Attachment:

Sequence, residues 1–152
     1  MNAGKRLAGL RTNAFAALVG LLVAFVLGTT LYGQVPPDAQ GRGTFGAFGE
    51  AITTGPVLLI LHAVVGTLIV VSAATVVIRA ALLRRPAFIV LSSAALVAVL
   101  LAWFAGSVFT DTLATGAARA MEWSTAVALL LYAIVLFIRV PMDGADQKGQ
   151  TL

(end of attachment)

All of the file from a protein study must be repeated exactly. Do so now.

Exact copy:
Sequence, residues 1–152
     1  MNAGKRLAGL RTNAFAALVG LLVAFVLGTT LYGQVPPDAQ GRGTFGAFGE
    51  AITTGPVLLI LHAVVGTLIV VSAATVVIRA ALLRRPAFIV LSSAALVAVL
   101  LAWFAGSVFT DTLATGAARA MEWSTAVALL LYAIVLFIRV PMDGADQKGQ
   151  TL